Cauliflower steaks on a plate with red pepper and olive salsa
This recipe is quick, simple and delicious. 
  • 1 cauliflower
  • Β½ tsp smoked paprika
  • 2 tbsp olive oil
  • 1 roasted red pepper
  • 4 black olives pitted
  • small handful parsley
  • 1 tsp capers
  • Β½ tbsp red wine vinegar
  • 2 tbsp toasted flaked almonds

  • Heat oven to 220C/200C fan/gas 7 and line the baking tray with baking parchment. Slice the cauliflower into two 1-inch. Rub the paprika and 1⁄2 tbsp oil over the steaks and season. Put on the tray and roast for 15-20 mins until cooked through.
  • Meanwhile, make the salsa. Chop the pepper, olives, parsley and capers, and put into a bowl and mix with the remaining oil and vinegar. Season to taste. When the steaks are cooked, spoon over the salsa and top with flaked almonds to serve.


Baba Ganoush (Aubergine Dip)

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This is a really simple to make dish with few ingredients, but don't let that fool you, as it's incredibly difficult to stop eating! There are some who are really hesitant about eating a dip made almost entirely of aubergine, but any reservations are cast aside upon tasting its lovely smoky, creamy flavour.  The smoke flavour is what makes the aubergine the star of the show with the depth of flavour coming from smoking the skin. The more charred the aubergine is, the better. It's like hummus, kind of, only tastier and much smoother and creamier. You can serve it cold or at room temperature, but in this autumnal weather, room temperature is better suited, and it is perfect with some warm flat bread.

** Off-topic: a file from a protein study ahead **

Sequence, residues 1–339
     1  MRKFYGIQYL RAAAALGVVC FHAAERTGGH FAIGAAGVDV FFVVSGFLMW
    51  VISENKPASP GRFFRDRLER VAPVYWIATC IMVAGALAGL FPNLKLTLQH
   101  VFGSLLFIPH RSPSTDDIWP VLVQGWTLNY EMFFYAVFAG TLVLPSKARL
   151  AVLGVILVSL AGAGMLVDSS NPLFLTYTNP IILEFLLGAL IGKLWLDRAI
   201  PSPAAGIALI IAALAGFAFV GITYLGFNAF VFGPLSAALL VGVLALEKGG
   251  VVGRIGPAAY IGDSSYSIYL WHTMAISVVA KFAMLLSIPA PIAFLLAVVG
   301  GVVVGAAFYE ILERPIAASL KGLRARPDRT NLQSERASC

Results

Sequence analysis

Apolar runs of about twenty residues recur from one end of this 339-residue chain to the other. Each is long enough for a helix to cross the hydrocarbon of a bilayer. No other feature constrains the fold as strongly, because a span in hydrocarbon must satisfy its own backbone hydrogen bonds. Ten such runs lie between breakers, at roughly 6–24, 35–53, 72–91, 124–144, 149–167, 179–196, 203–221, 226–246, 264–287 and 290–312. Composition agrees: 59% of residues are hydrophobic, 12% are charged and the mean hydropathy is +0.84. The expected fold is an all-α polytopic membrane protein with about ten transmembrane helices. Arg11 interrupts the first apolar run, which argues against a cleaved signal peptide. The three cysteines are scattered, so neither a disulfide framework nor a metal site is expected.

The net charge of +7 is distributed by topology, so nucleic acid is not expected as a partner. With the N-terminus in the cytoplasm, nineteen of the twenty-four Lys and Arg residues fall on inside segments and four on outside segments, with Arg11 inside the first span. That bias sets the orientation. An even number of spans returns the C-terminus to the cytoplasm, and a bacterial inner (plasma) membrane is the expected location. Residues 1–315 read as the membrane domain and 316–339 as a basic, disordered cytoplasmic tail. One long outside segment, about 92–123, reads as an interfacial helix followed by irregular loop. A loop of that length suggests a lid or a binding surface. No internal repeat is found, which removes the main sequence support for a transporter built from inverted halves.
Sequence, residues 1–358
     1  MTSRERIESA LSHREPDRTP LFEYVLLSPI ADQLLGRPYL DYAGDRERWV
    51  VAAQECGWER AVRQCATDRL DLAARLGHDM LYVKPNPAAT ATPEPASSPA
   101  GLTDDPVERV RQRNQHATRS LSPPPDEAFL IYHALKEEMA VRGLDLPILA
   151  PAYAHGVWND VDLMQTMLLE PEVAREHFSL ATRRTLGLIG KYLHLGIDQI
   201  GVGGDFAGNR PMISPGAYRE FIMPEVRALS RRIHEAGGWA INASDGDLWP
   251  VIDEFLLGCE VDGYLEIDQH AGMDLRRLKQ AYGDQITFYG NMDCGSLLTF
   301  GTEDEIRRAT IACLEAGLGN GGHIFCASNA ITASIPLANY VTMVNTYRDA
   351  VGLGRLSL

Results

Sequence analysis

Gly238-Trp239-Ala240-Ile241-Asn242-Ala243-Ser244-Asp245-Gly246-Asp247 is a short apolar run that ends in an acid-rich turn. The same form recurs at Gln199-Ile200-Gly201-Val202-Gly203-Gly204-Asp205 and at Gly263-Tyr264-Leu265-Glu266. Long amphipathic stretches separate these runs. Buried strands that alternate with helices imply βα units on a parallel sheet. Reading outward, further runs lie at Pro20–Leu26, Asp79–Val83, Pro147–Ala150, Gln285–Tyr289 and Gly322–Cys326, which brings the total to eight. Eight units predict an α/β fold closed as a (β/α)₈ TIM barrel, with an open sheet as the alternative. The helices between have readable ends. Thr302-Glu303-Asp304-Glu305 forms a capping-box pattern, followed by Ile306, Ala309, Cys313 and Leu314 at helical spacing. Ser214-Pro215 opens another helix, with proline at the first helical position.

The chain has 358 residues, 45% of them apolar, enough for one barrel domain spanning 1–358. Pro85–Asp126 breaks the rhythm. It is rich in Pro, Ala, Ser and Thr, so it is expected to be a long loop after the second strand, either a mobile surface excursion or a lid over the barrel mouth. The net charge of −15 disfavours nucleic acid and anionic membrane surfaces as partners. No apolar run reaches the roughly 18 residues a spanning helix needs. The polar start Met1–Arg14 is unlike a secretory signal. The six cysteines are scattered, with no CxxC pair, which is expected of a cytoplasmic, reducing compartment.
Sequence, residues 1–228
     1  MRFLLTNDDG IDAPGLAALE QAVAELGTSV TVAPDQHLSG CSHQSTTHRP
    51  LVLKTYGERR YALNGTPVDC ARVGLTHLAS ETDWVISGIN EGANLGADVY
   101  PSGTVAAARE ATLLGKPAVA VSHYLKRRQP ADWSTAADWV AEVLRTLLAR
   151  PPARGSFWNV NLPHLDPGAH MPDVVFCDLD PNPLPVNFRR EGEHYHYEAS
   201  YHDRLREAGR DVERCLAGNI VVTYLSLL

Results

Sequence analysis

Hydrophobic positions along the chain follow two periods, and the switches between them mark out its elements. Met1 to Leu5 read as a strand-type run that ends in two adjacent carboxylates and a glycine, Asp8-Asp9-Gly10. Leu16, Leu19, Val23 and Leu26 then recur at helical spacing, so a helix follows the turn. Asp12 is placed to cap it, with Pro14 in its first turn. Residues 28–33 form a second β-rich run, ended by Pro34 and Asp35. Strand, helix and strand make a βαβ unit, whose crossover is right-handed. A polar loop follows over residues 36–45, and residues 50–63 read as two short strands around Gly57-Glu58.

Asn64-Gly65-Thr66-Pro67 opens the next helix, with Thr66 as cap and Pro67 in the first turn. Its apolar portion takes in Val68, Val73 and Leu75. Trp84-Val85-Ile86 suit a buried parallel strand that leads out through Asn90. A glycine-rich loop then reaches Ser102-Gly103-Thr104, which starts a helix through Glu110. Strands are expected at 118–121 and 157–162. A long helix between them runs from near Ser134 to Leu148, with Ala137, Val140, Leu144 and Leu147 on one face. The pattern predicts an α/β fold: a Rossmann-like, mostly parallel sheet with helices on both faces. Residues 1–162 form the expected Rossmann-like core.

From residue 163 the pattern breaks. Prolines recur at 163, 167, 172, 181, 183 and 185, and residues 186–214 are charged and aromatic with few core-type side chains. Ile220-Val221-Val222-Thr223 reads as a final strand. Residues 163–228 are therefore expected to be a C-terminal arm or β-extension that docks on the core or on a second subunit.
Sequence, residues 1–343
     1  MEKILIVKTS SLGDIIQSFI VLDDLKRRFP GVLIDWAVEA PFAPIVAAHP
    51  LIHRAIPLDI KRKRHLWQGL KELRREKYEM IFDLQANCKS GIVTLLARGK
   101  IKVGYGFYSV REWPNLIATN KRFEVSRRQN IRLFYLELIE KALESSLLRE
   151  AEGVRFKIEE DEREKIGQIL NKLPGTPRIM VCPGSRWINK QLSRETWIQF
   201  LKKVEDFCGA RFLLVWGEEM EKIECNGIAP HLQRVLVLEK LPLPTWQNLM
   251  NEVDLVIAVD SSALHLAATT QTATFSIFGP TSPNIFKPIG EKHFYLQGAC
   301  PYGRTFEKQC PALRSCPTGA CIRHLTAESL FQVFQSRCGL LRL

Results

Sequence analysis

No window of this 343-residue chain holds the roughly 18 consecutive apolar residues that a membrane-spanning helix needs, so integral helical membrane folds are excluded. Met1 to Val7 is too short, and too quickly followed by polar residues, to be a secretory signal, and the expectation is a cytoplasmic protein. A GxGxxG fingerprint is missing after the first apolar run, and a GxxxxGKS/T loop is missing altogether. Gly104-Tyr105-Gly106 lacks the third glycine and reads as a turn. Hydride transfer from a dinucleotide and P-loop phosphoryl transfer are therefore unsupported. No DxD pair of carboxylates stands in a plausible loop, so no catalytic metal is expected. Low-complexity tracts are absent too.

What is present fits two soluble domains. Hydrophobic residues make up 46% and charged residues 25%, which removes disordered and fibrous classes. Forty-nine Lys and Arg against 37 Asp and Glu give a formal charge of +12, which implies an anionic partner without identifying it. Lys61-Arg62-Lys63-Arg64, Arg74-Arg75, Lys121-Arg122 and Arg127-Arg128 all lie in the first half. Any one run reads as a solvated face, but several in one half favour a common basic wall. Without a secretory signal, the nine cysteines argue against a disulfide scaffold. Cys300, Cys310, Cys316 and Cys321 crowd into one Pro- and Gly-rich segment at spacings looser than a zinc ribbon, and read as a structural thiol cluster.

A bowl filled with baba ganoush topped with parsley and drizzled in olive oil.
It doesn't need to be summer to enjoy this fabulous dish!

It is better to cook the aubergine in a barbecue (not ideal in this weather) or under a grill, but you can also use a gas ring or do it in the oven. Whatever way you do it, you want the skin to blister and char.

  •          1 aubergine
  •          Juice of Β½ lemon, plus a little extra